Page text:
A major retrospective on the American pop artist touches down in Toronto next March
A major Andy Warhol retrospective will open at the Art Gallery of Ontario (AGO) in March 2021.
Simply titled Andy Warhol, the exhibition will reconsider “the personal, social and political backdrop” that influenced the American pop artist’s life.
The show is a collaboration between London’s Tate Modern, where it will debut this March, the AGO and the Dallas Museum of Art. The work spans four decades, encompassing Warhol’s early drawings, celebrity portraits, experimental films, his Silver Clouds floating metallic pillows and the large-scale canvas Christ $9.98 (positive) from Munich’s Museum Brandhorst.
Several pieces in the exhibition will be on loan from museums and private collections. Other works featured in the show include the 1963 film Sleep, Marilyn Diptych (1962), 100 Campbell’s Soup Cans (1962), a restaging of the psychedelic multimedia environment Exploding Plastic Inevitable (1966) and Ladies and Gentleman, a series of paintings of trans women and drag queens from 1975.
Specific dates for the AGO’s Warhol show have not been announced.
Warhol, who died in 1987, remains a massively popular figure. A leading force the pop-art movement of the 1960s, his work drew upon advertising and celebrity influences and spanned painting, photography, experimental film, silk-screening and sculpture.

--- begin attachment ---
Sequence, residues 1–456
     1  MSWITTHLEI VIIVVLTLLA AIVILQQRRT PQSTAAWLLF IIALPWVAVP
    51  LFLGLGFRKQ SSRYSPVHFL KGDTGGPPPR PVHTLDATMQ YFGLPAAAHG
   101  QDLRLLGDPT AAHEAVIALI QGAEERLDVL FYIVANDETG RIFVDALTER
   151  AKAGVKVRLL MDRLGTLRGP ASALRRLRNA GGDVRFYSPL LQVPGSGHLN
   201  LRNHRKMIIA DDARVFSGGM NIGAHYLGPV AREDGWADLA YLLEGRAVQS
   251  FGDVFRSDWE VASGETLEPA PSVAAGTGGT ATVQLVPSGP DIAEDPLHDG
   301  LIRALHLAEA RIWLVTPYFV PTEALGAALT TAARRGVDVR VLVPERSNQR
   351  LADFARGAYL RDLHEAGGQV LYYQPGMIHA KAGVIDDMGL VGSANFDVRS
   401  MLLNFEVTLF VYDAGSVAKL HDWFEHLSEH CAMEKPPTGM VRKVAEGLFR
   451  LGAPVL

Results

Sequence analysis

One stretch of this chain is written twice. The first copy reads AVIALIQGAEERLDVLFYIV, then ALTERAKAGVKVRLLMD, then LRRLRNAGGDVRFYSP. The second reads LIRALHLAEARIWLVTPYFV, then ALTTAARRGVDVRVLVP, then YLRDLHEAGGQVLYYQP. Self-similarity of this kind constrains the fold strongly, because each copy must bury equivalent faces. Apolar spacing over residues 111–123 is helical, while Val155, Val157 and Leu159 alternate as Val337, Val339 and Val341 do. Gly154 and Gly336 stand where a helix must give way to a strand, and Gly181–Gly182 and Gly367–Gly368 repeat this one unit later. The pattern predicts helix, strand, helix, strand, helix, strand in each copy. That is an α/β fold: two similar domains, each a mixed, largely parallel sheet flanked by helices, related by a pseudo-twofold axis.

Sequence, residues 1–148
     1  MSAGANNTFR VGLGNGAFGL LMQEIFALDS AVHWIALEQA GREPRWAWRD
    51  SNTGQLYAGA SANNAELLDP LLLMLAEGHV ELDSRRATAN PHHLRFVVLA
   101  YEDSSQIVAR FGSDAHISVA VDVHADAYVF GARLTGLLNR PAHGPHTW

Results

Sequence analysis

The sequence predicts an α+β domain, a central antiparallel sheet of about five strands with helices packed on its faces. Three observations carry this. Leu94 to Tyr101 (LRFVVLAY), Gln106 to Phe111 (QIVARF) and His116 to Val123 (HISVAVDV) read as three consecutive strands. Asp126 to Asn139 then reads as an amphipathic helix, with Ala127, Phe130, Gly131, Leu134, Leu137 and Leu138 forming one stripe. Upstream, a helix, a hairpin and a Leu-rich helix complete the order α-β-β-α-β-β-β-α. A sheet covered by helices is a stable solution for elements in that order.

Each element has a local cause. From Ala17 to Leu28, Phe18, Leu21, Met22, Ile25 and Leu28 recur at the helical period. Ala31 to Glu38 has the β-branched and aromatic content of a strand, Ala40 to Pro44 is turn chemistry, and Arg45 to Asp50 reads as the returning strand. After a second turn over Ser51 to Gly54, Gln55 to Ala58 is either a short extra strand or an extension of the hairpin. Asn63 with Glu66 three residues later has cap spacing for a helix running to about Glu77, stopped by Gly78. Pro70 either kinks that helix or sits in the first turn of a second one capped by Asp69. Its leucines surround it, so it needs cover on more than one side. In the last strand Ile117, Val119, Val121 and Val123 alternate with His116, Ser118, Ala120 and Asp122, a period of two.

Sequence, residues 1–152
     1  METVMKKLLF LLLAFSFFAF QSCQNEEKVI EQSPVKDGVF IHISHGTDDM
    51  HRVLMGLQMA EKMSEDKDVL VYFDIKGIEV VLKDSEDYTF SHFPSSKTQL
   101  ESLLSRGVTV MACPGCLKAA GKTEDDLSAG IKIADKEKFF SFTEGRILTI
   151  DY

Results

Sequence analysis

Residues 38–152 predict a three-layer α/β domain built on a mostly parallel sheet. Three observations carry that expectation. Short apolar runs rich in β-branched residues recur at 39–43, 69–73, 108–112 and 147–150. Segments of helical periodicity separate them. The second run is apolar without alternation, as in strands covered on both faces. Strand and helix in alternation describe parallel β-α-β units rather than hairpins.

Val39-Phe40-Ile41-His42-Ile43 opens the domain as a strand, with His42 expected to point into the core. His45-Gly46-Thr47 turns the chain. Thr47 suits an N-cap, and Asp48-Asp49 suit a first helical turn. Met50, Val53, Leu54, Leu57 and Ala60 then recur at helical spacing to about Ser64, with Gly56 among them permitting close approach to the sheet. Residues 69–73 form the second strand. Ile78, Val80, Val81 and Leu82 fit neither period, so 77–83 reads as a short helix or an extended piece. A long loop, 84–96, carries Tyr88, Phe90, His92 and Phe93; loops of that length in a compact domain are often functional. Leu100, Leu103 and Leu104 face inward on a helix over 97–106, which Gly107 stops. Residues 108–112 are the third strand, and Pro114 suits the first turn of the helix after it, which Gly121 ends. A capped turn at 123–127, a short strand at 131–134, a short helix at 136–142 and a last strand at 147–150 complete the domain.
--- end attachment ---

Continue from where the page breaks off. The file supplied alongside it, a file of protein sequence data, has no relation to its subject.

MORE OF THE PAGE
“While his pop works of the 1960s are the most famous, Warhol’s engagement with issues of identity, belief and desire in the 50s, 70s and 80s is as relevant and contemporary now as it was in the late 20th century,” said the gallery’s associate curator of modern art, Kenneth Brummel, in a statement.
Framing big, 20th century artists through the lens of identity seems to be a way galleries are seeking to make older work relevant to contemporary audiences. Last year, Olga Korper Gallery’s month-long show devoted to American photographer Robert Mapplethorpe focused on themes of gender fluidity and identity.
The last time the AGO staged a major Warhol exhibit was 2006’s Andy Warhol / Supernova: Stars, Deaths And Disasters, 1962-1964, which was guest curated by Toronto filmmaker David Cronenberg. TIFF’s Cinematheque also hosted a retro of Warhol’s film work in 2015.
Next month, the AGO will mount the first Canadian solo show devoted to influential American photographer Diane Arbus in 30 years.